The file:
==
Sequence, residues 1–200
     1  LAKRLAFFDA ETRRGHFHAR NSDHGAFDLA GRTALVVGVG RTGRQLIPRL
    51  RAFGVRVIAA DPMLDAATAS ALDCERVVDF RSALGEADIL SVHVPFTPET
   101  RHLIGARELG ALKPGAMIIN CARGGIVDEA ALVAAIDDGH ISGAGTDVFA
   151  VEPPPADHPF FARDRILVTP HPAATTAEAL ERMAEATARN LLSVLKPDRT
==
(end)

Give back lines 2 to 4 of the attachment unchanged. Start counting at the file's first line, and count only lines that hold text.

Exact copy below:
     1  LAKRLAFFDA ETRRGHFHAR NSDHGAFDLA GRTALVVGVG RTGRQLIPRL
    51  RAFGVRVIAA DPMLDAATAS ALDCERVVDF RSALGEADIL SVHVPFTPET
   101  RHLIGARELG ALKPGAMIIN CARGGIVDEA ALVAAIDDGH ISGAGTDVFA